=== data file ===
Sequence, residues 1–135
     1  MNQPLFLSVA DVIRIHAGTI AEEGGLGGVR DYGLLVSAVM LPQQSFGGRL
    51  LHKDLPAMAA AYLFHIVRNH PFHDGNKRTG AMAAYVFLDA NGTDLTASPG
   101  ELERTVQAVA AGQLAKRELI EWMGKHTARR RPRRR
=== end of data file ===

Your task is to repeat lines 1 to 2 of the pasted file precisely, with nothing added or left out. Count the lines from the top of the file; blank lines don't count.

Sequence, residues 1–135
     1  MNQPLFLSVA DVIRIHAGTI AEEGGLGGVR DYGLLVSAVM LPQQSFGGRL